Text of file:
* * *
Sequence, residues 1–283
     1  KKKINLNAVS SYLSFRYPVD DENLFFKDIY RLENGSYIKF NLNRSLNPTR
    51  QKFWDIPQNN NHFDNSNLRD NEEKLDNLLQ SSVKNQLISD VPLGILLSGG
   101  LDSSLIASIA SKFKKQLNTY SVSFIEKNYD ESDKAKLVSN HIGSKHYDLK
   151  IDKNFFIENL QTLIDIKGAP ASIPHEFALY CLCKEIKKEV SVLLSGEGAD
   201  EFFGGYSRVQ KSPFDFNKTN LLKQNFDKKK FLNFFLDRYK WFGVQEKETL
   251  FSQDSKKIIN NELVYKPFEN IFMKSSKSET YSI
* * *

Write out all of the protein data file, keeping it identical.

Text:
Sequence, residues 1–283
     1  KKKINLNAVS SYLSFRYPVD DENLFFKDIY RLENGSYIKF NLNRSLNPTR
    51  QKFWDIPQNN NHFDNSNLRD NEEKLDNLLQ SSVKNQLISD VPLGILLSGG
   101  LDSSLIASIA SKFKKQLNTY SVSFIEKNYD ESDKAKLVSN HIGSKHYDLK
   151  IDKNFFIENL QTLIDIKGAP ASIPHEFALY CLCKEIKKEV SVLLSGEGAD
   201  EFFGGYSRVQ KSPFDFNKTN LLKQNFDKKK FLNFFLDRYK WFGVQEKETL
   251  FSQDSKKIIN NELVYKPFEN IFMKSSKSET YSI